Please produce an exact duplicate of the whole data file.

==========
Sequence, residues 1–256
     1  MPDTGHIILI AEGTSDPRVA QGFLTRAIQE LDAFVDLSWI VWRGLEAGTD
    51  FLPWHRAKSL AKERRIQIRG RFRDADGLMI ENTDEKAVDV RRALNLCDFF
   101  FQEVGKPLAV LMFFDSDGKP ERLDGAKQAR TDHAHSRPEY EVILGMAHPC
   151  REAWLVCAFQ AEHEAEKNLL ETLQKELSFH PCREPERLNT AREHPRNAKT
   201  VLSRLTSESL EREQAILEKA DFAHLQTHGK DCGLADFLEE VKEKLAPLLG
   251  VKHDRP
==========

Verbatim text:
Sequence, residues 1–256
     1  MPDTGHIILI AEGTSDPRVA QGFLTRAIQE LDAFVDLSWI VWRGLEAGTD
    51  FLPWHRAKSL AKERRIQIRG RFRDADGLMI ENTDEKAVDV RRALNLCDFF
   101  FQEVGKPLAV LMFFDSDGKP ERLDGAKQAR TDHAHSRPEY EVILGMAHPC
   151  REAWLVCAFQ AEHEAEKNLL ETLQKELSFH PCREPERLNT AREHPRNAKT
   201  VLSRLTSESL EREQAILEKA DFAHLQTHGK DCGLADFLEE VKEKLAPLLG
   251  VKHDRP